If one twist is a good thing, maybe more twists would be even better? For example, if we invert the 5 and the 4, we get \((5 \times 3) + (4 \times 2) = 23\) instead of \((5 \times 2) + (4 \times 3) = 22\), again for a net gain. But of course there’s a flaw in this strategy. Flipping the 5 and the 4 increases their products with neighboring digits to the right, but lowers those with digits to the left. Flipping the leftmost digits doesn’t run afoul of this rule because there are no neighbors to the left.

For a more explicit definition of the zigzag-with-a-twist arrangement, here is a Python implementation. The basic idea is to deal out the digits alternately to the \(x\) and \(y\) factors, starting with \(x\) and working through the digits in descending order. When \(y\) (the smaller factor) runs out of room, any remaining digits are tacked onto the end of \(x\). Finally—this is the twist—the leftmost \(x\) and \(y\) digits are swapped. This procedure works in any base.

[python]

def twisted_zigzag(digit_set, s):

s = min(s, len(digit_set) - s) # len of smaller factor

digits = sorted(list(digit_set)) # smallest to largest

x = []

y = []

while digits: # pop from end of list

x.append(digits.pop()) # start with x

if len(y) < s: # zigzag until y is full

y.append(digits.pop())

x[0], y[0] = y[0], x[0] # swap first digits

return x, y

[/python]

Does the zigzag-with-a-twist arrangement give the maximum product for all possible Nguyen-type problems? I can offer substantial evidence supporting that proposition. For base-10 numbers formed without repeated digits there are 4,097 two-factor multiplication problems with digits sorted in descending order. The zigzag-twist pattern gives the correct result for all of them.

That’s bizarre. I must say, I saw the right answer immediately. Here is my logic.

Instead of a 3-digit number times a 2-digit number, divide the numbers by powers of 10 so you get, in decimal:

a.bc * d.e

Should the 8 be in d or a? Well, it is almost symmetrical, but in position d it will get to multiply 0.bc, which can be greater than 0.e. So

7.bc * 8.e

Where should the 5 go? Of course, b, so it multiplies 8 instead of 7. Then done.

I think this same logic proves the pattern for all of these problems, in all bases.

Sorry, I guess I skipped the last step. After assigning the 5, you have

75.c * 8.e

The 4 should go to e since 75>8. Basically, the zig-zag pattern comes from shifting the digits, so you always know which side is going to be bigger and the next larger digit is placed on the other side.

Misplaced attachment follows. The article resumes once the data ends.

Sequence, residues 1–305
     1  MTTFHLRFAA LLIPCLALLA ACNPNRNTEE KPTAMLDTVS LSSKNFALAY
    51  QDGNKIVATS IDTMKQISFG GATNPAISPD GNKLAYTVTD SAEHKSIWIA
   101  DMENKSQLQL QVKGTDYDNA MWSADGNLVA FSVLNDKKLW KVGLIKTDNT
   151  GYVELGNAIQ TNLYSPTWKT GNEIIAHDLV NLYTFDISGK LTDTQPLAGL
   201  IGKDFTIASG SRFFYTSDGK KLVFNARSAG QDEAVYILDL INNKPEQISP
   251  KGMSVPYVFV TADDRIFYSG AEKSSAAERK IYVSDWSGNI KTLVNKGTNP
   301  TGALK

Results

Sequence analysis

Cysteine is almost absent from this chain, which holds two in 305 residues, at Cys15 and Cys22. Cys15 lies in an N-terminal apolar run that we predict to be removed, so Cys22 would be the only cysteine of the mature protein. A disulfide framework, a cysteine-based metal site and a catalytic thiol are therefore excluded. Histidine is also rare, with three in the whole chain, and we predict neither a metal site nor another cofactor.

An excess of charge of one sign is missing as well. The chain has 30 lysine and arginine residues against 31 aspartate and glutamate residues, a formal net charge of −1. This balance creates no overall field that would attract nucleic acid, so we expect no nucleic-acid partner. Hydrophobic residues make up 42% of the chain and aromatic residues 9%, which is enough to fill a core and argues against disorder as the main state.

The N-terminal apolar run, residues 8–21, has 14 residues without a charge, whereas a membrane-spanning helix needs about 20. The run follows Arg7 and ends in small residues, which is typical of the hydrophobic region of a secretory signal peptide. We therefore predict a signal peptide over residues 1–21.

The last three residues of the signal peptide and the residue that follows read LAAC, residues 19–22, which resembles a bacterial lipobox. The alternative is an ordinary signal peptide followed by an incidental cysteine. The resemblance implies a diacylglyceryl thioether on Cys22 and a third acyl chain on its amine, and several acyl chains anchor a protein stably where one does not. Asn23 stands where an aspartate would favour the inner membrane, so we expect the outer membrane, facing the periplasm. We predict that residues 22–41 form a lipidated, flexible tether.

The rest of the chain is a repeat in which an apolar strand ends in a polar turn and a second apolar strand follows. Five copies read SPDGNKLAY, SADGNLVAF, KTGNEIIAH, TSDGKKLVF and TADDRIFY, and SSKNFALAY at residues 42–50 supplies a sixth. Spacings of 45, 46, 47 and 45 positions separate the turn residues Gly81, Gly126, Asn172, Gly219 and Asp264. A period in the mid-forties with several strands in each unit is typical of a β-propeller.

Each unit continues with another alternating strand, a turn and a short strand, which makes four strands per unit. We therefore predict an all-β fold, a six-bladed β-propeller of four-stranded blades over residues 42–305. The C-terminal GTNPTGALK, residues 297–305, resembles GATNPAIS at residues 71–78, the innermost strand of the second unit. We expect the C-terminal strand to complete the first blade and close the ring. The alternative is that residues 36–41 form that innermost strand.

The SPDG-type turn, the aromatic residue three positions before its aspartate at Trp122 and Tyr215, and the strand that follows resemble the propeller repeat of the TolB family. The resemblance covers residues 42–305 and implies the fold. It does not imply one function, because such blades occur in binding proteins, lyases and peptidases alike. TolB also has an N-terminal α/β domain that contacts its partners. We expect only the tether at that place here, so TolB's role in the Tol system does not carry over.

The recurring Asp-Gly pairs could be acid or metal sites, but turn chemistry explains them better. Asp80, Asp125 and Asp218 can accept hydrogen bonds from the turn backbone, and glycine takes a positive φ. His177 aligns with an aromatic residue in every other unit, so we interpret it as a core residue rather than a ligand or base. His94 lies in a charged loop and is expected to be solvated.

Permalink for the problem: http://fawnnguyen.com/multiplication-finding-the-greatest-product

Very interesting assignment! I have to applaud Ms. Nguyen for making a problem that helps sixth graders but also intrigues me as a good thought experiment. It helps consider the why in math which is something that, at least back when I was in sixth grade, was something my teachers rarely inspired in their students.

I stopped reading at the suggested pause point and came up with this:

Think of there being a decimal point after the first digit in each number, i.e., you’re multiplying a.bc times d.e with digits 2, 4, 5, 7, and 8. The observation that the digits be in decreasing order in each number is taken to be obvious. For simplicity, we might as well include 0 as a sixth digit, so we can assume we’re looking to maximize 8.bc times d.ef with digits 0, 2, 4, 5, and 7.

If we take d=7, the product is at least 8×7=56, whereas otherwise it is less than 9×6=54, so we now want to maximize 8.bc times 7.ef with a distribution of 0, 2, 4, and 5. The 5 now is either b or e. Clearly you get more “bang for your buck” when you multiply .5 by 8 instead of 7, so we should put it in the e position.

At this point it makes sense to move the decimal point and write the problem as 8.bc times 75.f with digits 0, 2, and 4. In this case, you get (a lot) more from multiplying .4 by 75 instead of 8, so we should let b=4. This leads to 84.c times 75.f, so the .2 gives more when it multiplies 84 than 75, and that leads to the final answer, 84 times 752.

Ah, I see I basically reproduced Jon’s fine answer.

Nice problem.

In deciding the final step, I came to the correct decision by thinking geometrically. At the final step we are simply trying to ascertain if the 2 goes after the 75 or the 84. However consider the following dimensioned rectangles: A - 752 x 84 and B - 842 x 75.

Remember that the closer the sides of a rectangle, the larger the area (with maximal area for perimeter occupier ring in the case of a square). It then follows that the area of A must be greater than the area of B because it is closer to a square…hence the answer!